By Emily Hunt
Perhaps I was clutching at straws. I found it hard to believe that young people as a whole didn’t care about nature. So I sent out a request for people in my school to forward me any photographs of nature that they had in their phone galleries.
The result has been inspiring, and the project has gained the attention of OCR (exam board behind the Natural History GCSE) and the Warwickshire Wildlife Trust.
The idea formed when I began to take an interest in youth engagement with nature, or rather, the supposed lack of it. My mind began ticking over after attending several panel events where the issue was discussed. The absence of solutions frustrated me. It was easy to talk about the problem, but solutions weren't obvious – and so I left each talk a little more deflated and despairing, as it's clear we need our generation on board if we are to reverse biodiversity loss and tackle the climate crisis. There is a thriving community of young people passionate about nature on social media, who attend BTO events and Birdfair etc, but what about my fellow students at school? Were they all so disinterested?
So I began to pay attention to other young people’s interactions with nature. At my school we have very little access to nature, having only a sports field as our outdoor space. However, sometimes nature appears in unexpected ways. One of the most memorable moments was when a red kite flew over the school field while being mobbed by crows. A gaggle of Year 11 boys halted their football game to watch it as it dipped and dived to shake the corvids off its tail.
These boys were in awe of this incredible bird of prey, and yet these are the kids who may have been stereotypically labelled as those who never notice wildlife and are disengaged from the world around them
The boys cheered and clapped like spectators at a match. The whole group were captivated by it. It was at this point that it hit me – are we getting it all wrong? These boys were in awe of this incredible bird of prey, and yet these are the kids who may have been stereotypically labelled as those who never notice wildlife and are disengaged from the world around them.
So, I tentatively texted school group chats with ‘got any nature pics in your phone galleries?’ Obviously this was not without personal risk - but I was prepared for any teasing which might follow…I was already accustomed to occasional chants of Em loves nature as I went about my day to day business. However, word soon got around and pictures began to trickle in. After sharing some on my social media accounts, more arrived and more people joined in! The reasoning behind my request was that each photograph represents a moment when a young person has stopped to capture and appreciate nature. In that moment they were engaged in their own way.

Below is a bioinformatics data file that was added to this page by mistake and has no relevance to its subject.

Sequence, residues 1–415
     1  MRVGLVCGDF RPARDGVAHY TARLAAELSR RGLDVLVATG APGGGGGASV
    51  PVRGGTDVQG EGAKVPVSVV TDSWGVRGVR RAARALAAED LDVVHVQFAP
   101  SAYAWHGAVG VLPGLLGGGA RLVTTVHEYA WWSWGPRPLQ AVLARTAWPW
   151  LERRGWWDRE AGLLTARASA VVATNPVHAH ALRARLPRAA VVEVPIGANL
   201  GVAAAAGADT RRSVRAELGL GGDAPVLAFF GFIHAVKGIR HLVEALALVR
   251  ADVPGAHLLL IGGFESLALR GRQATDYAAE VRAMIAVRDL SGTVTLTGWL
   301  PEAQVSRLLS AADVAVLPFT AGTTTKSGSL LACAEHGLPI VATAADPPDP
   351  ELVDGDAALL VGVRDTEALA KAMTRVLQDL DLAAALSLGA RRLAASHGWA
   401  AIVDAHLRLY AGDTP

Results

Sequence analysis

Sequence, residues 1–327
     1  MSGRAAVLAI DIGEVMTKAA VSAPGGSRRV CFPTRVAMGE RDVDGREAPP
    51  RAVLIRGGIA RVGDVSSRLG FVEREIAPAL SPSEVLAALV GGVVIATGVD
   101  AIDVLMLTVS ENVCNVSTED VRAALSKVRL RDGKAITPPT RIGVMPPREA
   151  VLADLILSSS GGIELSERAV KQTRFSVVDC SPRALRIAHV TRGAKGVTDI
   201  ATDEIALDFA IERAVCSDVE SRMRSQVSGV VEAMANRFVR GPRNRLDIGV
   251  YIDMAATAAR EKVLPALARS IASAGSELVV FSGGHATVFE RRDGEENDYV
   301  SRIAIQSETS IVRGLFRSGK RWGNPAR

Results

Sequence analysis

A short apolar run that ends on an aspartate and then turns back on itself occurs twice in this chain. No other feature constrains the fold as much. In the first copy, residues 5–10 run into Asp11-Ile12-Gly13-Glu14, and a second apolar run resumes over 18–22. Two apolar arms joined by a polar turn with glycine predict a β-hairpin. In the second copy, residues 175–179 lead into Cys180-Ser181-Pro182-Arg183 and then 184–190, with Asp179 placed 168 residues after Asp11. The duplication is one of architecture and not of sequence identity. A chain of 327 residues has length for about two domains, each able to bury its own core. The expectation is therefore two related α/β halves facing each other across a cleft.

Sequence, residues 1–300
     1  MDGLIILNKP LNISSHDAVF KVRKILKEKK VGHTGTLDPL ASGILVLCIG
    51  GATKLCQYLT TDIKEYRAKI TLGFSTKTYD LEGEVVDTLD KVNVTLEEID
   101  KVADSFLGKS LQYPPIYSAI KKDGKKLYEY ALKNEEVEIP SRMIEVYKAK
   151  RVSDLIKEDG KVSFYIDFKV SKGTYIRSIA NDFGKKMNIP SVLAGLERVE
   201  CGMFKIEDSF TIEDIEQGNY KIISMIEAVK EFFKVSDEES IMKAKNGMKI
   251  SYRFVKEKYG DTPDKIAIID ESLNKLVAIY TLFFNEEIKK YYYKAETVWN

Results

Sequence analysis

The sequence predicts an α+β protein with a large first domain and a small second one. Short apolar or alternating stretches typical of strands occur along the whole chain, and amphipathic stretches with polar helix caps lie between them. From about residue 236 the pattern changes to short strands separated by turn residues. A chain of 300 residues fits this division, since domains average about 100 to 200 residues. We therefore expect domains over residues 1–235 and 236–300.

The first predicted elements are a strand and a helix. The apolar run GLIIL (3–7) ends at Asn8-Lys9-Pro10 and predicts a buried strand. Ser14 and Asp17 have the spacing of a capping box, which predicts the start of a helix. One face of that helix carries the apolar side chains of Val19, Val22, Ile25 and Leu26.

With the pictures came stories too, for example Lydia had helped rescue a young owl found in the woods, Blue had relocated a caterpillar found at the tip, and Harry had fed a vole which wasn't looking very healthy. But who would know about these good nature deeds if I hadn't asked? Are lots of young people interacting with nature but not mentioning it - who would they tell? Do they need to tell anyone - perhaps it's just instinctive to help out an animal in need or to gaze at a beautiful view. Should we re-evaluate the assumption that the youth is disengaged? How do we measure such a thing anyway?
Nature isn't a subject deemed cool to talk about among a typical group of 15 and 16 year olds. Individuals may feel isolated in their interest and have no way of developing it further. Memberships to organisations are expensive, the curriculum is nature-deprived and at secondary school we lose much of our free time plus our access to nature clubs and Forest School. How do we expect a love of nature to flourish?
I believe the launch of the Natural History GCSE in 2025 will have a massive impact on youth engagement with nature
I don't have all the answers - but what I do have is a collection of nature photography and stories from students at my comprehensive high school. Students who may have been branded 'disengaged'. It is a source of optimism, it is growing and it is spreading! My Headteacher has given me permission to display the pictures in school as a ‘Green Gallery’ and my English teacher and I are planning writing workshops based upon students' pictures. We hope to make it more commonplace to celebrate nature and for young people to have a way of expressing their interest.
I believe the launch of the Natural History GCSE in 2025 will have a massive impact on youth engagement with nature - it will firmly place nature on the curriculum and provide a space for young people to interact and develop an interest. In the meantime, maybe we should question the assumption that the youth are disengaged, maybe they simply have very few avenues in which to register their interest. Let's find more ways, however small they may seem, to change this!